There's also the aura of hustle that surrounds both men. Undeniably, Bobby Riggs had been a world tennis champion. He may have been outwardly competing to win a tournament, but behind the scenes, he would bet on the outcome of his own matches. On the day of the 1973 match, the unsuspecting spectator might expect him to spend time warming up and getting psyched. In fact, a close friend reported finding Riggs on a tennis court with an umbrella in one hand and a brown dog tied on a leash to his left ankle There were people lined up on the street with their tennis rackets waiting to play Riggs. If they won, they played for free; otherwise they owed Riggs $100. Riggs' brother was collecting the winnings.

Donald Trump is undeniably a businessman. But he, too, resorts to hustling. Trump University appears to have been a scam, operating without an educational license. The Trump Foundation appears to be giving other people's money to charity, rather than Trump money. Lawsuits and the threat of lawsuits are part and parcel to the way Trump does business. And in the ultimate irony, the American Bar Association recently refused to print their own report which called Donald Trump a libel bully, because they were afraid of being sued! Trump has certainly used the media exposure from his campaign as a marketing platform to promote everything from his golf courses to his new Washington DC hotel. In 2000, Trump predicted that he might be the first presidential candidate to run and make money on it. Time and good investigative work will tell if he was correct.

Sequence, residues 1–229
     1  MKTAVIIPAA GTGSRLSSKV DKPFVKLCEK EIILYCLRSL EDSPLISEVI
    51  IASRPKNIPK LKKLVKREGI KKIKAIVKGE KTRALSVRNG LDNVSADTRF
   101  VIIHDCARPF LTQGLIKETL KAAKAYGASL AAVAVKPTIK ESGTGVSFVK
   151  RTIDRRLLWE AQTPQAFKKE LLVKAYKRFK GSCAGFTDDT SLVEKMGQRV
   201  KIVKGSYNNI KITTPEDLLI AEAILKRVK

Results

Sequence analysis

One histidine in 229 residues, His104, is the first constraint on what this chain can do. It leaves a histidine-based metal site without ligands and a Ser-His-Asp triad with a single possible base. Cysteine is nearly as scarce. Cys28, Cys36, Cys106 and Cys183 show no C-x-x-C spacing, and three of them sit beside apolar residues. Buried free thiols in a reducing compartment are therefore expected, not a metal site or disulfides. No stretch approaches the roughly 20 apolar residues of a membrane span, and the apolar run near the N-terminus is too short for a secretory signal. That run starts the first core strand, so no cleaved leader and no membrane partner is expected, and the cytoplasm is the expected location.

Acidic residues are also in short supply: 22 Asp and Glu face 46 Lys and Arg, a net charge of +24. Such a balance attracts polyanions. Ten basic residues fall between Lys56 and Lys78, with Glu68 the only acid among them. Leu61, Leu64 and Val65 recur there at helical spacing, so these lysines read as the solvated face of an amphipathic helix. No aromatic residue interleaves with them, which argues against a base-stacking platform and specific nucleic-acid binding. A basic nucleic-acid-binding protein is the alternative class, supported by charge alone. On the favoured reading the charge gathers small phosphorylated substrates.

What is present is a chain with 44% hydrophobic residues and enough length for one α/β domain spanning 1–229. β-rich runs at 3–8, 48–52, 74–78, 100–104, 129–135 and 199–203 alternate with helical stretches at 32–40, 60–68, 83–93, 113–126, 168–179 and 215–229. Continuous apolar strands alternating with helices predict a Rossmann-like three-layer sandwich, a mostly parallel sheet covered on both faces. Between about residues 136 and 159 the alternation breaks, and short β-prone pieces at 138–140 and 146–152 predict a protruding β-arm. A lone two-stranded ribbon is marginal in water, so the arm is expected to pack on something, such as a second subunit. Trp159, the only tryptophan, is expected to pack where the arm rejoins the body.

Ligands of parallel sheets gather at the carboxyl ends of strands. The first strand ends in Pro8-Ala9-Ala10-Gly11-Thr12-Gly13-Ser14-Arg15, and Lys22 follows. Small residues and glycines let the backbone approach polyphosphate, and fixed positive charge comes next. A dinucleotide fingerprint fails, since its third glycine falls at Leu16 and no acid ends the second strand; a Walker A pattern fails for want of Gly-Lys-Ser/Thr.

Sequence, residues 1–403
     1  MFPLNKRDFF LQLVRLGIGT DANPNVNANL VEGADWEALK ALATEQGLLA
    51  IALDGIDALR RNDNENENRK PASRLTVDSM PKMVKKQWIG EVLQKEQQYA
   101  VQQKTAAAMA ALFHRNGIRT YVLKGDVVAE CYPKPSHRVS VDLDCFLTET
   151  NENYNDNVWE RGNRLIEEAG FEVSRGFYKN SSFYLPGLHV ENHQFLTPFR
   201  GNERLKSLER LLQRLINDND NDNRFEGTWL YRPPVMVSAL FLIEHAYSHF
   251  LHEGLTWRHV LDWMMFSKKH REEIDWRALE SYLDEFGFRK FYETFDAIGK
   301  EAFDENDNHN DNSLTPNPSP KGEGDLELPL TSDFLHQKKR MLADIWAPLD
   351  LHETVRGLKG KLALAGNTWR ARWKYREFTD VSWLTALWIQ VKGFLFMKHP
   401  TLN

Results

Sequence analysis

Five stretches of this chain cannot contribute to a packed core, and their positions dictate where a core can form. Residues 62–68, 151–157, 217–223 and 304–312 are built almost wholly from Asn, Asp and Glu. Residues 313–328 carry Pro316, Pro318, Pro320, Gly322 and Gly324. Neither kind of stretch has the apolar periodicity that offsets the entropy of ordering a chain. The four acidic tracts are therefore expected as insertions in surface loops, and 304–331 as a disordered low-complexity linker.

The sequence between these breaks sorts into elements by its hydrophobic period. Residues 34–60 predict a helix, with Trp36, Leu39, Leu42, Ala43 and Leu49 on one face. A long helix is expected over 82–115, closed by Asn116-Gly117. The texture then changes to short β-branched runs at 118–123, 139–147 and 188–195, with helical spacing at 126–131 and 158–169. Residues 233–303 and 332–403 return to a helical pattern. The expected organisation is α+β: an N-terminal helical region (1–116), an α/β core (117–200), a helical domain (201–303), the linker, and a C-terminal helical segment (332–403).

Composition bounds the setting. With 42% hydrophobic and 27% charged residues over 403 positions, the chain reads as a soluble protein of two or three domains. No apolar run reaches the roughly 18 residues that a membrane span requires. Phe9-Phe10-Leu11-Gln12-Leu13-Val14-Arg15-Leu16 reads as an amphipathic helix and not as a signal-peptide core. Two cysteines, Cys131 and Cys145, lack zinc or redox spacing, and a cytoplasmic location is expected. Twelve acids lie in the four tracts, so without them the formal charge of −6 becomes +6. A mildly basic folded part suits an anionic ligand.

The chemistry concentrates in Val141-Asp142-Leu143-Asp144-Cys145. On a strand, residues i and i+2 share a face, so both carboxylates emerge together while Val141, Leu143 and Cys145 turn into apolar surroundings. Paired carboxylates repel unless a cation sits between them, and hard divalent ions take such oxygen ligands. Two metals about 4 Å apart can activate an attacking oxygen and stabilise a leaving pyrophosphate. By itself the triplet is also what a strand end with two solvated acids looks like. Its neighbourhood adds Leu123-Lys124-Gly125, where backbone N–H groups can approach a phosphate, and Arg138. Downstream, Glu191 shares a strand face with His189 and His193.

What about the fallout from these competitions. Although it seemed unrelated at the time, I took up tennis with gusto after Billie Jean King beat Bobby Riggs. And it wasn't just me. There was a boom in women's sports following Title IX and King's victory. If Hillary Clinton wins, I can only hope for a similar bounce for women in politics. But in all honesty, there is something truly disturbing when elections have so much in common with sporting events.

When two runners compete, they race.  Political candidates compete in races as well. It is no coincidence that there is linguistic overlap between the two. Competitors in the sports and political arenas all have to obey the rules. There are scoring systems in place. Many times there's a referee. That's because there's a penchant for cheating and cheating makes people fuming mad. So far so good.

Few of us care where an athlete stands on climate change. That's because, even if they win their competition, it will not affect how society responds to climate change. Athletes compete on speed, strength, flexibility, accuracy, how far they can throw an object, how high they can jump, how many goals they make. When it comes to bringing down ISIS, it doesn't really matter which football team wins the game. Sports fans can yell nasty insults at each other until they are hoarse, but it probably won't affect the rate at which jobs leave our community. Spectators in a stadium can paint themselves red or blue and chant slogans, but such team loyalty won't change whether most of us can afford the medical care we need.